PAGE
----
As he ran, Eiy'ra Haiz signalled to the people he passed. Like all Protoss, he was telepathic and communicated psychically, rather through physical vocalisation. This communication consisted of a series of mental images and emotions which were projected directly into the mind of the 'listener'. It could be a difficult and eerie experience for humans, but after years of practice he was able to hold a conversation reasonably well. Now, as he ran, he reached out with his mind to issue a warning to everyone he saw.

Danger, he broadcast.




People stopped in the streets, frozen in fear and confusion at the sudden images which flared in their minds. People began to murmur, began to whisper amongst themselves. Most, though, dismissed the crazy Protoss – figuring a drunk was a drunk, whatever species you happened to be.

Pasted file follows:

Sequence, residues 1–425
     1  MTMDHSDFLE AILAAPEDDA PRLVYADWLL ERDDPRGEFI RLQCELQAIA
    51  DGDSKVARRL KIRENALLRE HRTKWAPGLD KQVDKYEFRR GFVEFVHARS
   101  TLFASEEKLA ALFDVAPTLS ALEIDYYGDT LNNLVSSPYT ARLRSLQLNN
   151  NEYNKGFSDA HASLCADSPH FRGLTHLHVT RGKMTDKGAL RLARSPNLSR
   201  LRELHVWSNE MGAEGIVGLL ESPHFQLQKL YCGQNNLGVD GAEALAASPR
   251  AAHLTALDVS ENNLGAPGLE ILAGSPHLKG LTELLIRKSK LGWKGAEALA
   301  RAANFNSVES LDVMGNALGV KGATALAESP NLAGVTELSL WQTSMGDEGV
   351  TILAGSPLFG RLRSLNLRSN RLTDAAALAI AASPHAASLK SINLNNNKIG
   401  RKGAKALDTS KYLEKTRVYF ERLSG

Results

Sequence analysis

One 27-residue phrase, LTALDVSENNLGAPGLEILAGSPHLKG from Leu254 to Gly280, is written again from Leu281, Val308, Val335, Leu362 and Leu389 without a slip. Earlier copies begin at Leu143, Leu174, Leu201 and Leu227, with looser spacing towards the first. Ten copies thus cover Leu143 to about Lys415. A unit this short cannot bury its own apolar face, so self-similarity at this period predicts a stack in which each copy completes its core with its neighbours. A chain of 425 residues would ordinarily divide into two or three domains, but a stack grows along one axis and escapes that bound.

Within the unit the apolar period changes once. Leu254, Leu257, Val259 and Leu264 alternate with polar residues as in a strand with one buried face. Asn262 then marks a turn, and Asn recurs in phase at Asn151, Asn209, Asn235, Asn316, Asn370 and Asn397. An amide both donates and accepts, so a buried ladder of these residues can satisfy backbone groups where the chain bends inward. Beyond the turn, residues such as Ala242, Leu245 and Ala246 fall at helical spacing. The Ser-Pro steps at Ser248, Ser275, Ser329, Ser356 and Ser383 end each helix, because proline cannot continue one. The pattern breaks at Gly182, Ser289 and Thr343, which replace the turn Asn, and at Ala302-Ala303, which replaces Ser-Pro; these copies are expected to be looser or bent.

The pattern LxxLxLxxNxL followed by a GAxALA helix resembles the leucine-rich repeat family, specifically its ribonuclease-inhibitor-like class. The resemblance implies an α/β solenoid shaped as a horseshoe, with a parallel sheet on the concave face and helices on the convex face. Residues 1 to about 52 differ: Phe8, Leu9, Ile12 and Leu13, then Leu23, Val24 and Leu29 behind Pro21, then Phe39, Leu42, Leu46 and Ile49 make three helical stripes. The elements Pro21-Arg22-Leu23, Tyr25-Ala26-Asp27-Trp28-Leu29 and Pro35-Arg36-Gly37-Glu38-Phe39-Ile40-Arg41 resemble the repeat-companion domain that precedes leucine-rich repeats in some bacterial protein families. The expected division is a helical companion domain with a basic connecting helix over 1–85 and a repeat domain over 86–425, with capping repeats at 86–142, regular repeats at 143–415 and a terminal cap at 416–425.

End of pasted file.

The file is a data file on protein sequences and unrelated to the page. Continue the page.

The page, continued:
When he reached the barracks, he contacted the Dominion's commanding officer.

Danger, he spoke into the mind of the officer. You must prepare yourself.

The duty sergeant rose to his feet.

"What the damn hell are you talking about?"

Your doom approaches, Eiy'ra Haiz broadcast, gravely. The Zerg have returned.

"Someone get this damned Xeno out of my barracks!" barked the sergeant, ignoring the tall alien in front of him. "I don't have time for this prophetic bullshit."

Eiy'ra Haiz was manhandled roughly out of the barracks and back onto Copperhead Road. He sensed the Zerg moving ever closer. He stopped in the street a moment, like a boulder in a river, letting current of people flow around him. He decided to return to the Pink Moon and take his grave portends to Ma Haggard.

They come again, he said to her, sending images of Zerg infestation direct into Ma Haggard's mind.

"Say, what?" she drawled around a cigarette. "When?"

Soon, Eiy'ra Haiz intoned. Your Dominion has been warned, yet they do nothing.

"Sounds like our Empire's boys," Ma said, grimly. "What d'you want me to do about it?"

Cripple Creek must be ready, Ma Haggard. It must be prepared to face its doom.